ESkill How To Hire And Train For Customer Service Using Skills Tests

If the unemployment rate is high, posting a job opening for a customer service agent may very well result in your company being swamped with resumes and applications. Many of the applications are most likely from very competent, accomplished professionals who would be a great fit for the job. However, it can be difficult to find them if you must wade through dozens of applications. By using customer service skills assessment tests, you can easily screen out unqualified applicants and identify the best-qualified candidates so you can make better hires.

What Is a Customer Service Skills Assessment Test? 

The process of selecting and hiring new customer service employees is often subjective because it is based on gut feelings and overall impressions rather than hard facts. When people read resumes, they tend to jump to conclusions and make assumptions based on a candidate’s educational background, companies they have worked for, and previous job titles. This traditional approach causes unconscious bias, which can result in discrimination claims and make it likely that you will miss high-quality candidates.

We may never completely eliminate unconscious bias from the hiring process, but we can limit its effects. One great way to do that is to use customer service skills assessment tests to assess applicants’ skills and abilities.

How to Assess Customer Service Skills in Applicants

If you are wondering how to assess customer service abilities, it is important to remember that employment skills are most often placed into two categories: hard skills and soft skills. Hard skills are those that most directly impact the job, and testing them tends to be very straightforward. Pre-employment tests you might use to assess hard skills include:

  • Typing and data entry: The ability to type quickly and enter data accurately may seem elementary, but it is extremely important because orders and shipping addresses need to be correct. Representatives also make notes on customer interactions that may be reviewed during subsequent calls with the customer. 
  • Communication skills: Customer service agents often have to convey detailed and complicated information. Therefore, they must be able to make themselves understood in a clear, confident manner that gives the customer confidence that the information is correct, what the next steps are, and what to expect moving forward. 
  • Multitasking simulation: Customer service representatives often work with multiple computer applications simultaneously while communicating with one or more customers. They must have good computer skills and be able to manage details for each interaction efficiently. 
  • Basic math skills: If prices and discount amounts are wrong on orders or shipping costs are figured incorrectly, it could cost you money as well as goodwill with customers. Therefore, customer service representatives need good basic math skills.

You should also assess customer service representatives’ soft skills (skills that are generally related to personality and have a big impact on customer interactions) to identify applicants with a strong probability for success. Examples of customer service skills assessment tests that focus on soft skills include:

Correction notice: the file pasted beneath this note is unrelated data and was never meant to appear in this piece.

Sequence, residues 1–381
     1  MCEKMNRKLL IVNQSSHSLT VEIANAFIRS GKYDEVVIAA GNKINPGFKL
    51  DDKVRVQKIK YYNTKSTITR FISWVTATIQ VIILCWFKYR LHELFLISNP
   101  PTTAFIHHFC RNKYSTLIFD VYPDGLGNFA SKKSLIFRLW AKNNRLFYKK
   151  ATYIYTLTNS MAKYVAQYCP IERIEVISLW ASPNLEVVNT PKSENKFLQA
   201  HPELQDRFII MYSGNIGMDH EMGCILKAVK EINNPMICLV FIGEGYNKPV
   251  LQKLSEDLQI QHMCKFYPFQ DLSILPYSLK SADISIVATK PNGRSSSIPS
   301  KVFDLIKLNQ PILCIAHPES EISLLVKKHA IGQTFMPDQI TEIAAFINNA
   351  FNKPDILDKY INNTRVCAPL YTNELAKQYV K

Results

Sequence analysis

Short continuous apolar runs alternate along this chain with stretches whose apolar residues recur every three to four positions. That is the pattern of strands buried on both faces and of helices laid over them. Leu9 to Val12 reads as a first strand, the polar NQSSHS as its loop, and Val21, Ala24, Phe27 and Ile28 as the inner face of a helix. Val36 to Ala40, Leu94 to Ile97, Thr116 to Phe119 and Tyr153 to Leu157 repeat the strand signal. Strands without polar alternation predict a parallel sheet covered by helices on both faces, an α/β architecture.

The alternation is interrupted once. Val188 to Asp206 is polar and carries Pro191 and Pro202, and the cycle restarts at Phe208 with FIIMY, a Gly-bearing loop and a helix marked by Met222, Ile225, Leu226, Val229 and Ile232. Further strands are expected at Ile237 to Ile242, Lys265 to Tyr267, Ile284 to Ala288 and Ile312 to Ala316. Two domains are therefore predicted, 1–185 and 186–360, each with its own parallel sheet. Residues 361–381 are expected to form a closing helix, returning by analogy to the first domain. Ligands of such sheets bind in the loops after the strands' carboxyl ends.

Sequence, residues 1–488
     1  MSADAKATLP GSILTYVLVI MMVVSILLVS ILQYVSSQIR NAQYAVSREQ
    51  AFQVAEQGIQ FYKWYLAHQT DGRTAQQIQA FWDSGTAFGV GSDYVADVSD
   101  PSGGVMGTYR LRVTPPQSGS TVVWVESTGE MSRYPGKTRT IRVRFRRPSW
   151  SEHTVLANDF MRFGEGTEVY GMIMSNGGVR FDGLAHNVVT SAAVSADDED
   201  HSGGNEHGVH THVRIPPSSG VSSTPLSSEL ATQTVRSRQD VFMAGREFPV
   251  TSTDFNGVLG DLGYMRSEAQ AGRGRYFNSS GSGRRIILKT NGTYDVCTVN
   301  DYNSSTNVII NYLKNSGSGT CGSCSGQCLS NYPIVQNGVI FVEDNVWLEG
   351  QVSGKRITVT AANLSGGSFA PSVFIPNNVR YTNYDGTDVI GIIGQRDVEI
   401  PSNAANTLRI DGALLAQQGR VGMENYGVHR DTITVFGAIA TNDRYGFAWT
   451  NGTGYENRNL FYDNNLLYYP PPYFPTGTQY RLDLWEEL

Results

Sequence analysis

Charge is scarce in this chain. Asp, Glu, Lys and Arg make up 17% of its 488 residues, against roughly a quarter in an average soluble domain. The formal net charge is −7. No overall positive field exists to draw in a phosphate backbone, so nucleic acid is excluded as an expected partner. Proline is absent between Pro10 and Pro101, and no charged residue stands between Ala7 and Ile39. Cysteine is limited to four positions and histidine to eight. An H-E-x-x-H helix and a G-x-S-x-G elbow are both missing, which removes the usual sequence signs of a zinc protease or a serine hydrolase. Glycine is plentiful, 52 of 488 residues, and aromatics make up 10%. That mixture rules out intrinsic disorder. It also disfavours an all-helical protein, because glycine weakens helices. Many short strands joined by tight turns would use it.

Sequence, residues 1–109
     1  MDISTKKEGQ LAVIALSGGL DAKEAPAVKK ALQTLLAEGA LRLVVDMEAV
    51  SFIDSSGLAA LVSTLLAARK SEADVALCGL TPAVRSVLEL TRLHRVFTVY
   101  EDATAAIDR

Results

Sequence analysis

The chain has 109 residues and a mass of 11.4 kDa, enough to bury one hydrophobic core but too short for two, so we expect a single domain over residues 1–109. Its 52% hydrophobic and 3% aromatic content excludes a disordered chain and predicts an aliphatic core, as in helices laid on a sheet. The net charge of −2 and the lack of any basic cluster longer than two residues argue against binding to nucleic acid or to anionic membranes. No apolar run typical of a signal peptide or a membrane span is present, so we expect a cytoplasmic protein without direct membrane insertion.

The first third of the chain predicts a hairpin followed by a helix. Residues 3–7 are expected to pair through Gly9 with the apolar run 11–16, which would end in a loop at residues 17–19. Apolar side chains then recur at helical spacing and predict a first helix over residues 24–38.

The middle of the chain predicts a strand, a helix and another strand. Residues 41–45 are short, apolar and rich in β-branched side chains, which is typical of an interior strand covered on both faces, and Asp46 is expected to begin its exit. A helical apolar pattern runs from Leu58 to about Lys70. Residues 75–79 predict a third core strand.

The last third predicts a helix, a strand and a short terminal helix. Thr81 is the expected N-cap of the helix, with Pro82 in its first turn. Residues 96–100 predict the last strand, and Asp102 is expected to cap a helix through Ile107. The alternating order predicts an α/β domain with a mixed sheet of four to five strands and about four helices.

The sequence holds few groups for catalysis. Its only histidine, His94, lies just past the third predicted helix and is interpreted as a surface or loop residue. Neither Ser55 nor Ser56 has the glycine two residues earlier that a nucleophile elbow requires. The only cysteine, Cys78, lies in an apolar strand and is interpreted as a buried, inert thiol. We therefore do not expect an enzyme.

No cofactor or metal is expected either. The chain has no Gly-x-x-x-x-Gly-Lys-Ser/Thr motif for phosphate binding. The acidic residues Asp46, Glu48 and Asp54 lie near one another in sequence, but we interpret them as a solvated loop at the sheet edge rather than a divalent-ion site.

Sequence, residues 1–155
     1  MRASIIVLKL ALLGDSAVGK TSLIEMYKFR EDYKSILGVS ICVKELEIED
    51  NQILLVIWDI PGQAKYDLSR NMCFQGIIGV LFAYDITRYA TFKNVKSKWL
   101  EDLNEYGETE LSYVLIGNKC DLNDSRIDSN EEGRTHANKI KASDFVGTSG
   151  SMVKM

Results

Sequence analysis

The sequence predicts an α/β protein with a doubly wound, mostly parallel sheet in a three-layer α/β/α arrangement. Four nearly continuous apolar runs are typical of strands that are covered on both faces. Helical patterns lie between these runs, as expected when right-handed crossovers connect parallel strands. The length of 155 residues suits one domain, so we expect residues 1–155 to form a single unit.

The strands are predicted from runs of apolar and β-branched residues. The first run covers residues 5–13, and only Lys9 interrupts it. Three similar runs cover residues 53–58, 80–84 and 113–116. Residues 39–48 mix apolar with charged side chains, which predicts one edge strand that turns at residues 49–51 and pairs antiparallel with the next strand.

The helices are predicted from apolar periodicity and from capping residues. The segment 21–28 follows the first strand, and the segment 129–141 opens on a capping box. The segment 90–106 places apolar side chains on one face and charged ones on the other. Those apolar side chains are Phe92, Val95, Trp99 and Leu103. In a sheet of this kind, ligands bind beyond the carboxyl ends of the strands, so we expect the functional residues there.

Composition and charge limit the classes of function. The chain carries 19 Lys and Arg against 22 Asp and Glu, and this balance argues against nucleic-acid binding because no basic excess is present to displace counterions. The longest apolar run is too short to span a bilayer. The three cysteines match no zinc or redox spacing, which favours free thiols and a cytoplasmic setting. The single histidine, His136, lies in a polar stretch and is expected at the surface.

• Listening skills: The most successful customer service representatives are good listeners who are interested in helping people. Successful customer service representatives tend to have a positive mental outlook and are likely to be attentive, empathetic, and customer-focused. 
  • Problem-solving skills: Customer service representatives are, first and foremost, problem-solvers. Testing problem-solving skills helps you evaluate an applicant’s ability to gather and apply new information, use critical thinking to turn problems into solutions, and maintain patience in frustrating situations. 
  • Empathy: When customers are angry, they often just want someone to listen, and they want to feel that an effort is being made to help them. Good customer service representatives need to have the ability to “put themselves in the customer’s shoes” and offer options that satisfy the customer and provide an equitable solution.

Using Customer Service Skills Assessment Tests for Applicants 

When pre-employment tests are used, all applicants are judged equally because everyone is asked the same questions in the same order. Since pre-employment testing is objective rather than subjective, there is little chance that discrimination or unconscious bias will occur. A candidate either scored well on a customer service skills assessment test or did not. These tests help you make better hires based on your data instead of gut feelings, and provide a tangible record of why a particular employment decision was made.

How to Assess Customer Service Skills for Current Employees

Skills testing is a great way to select the candidates who are most likely to succeed at your company, but skills testing does not need to be limited to applicants. Using skills testing internally helps you establish a baseline for your staff’s knowledge and skills so you can pinpoint training and knowledge “gaps,” identify employees who are ready for new challenges, and develop customized training programs. This is especially useful when rolling out new processes, communicating new information and policies, and cross-training.

The result of using skills tests in hiring and training is better-quality hires and more productive employees, both of which reduce employee turnover and improve your company culture.

When companies use customer service skills assessment tests, everybody wins. Request a demo today.

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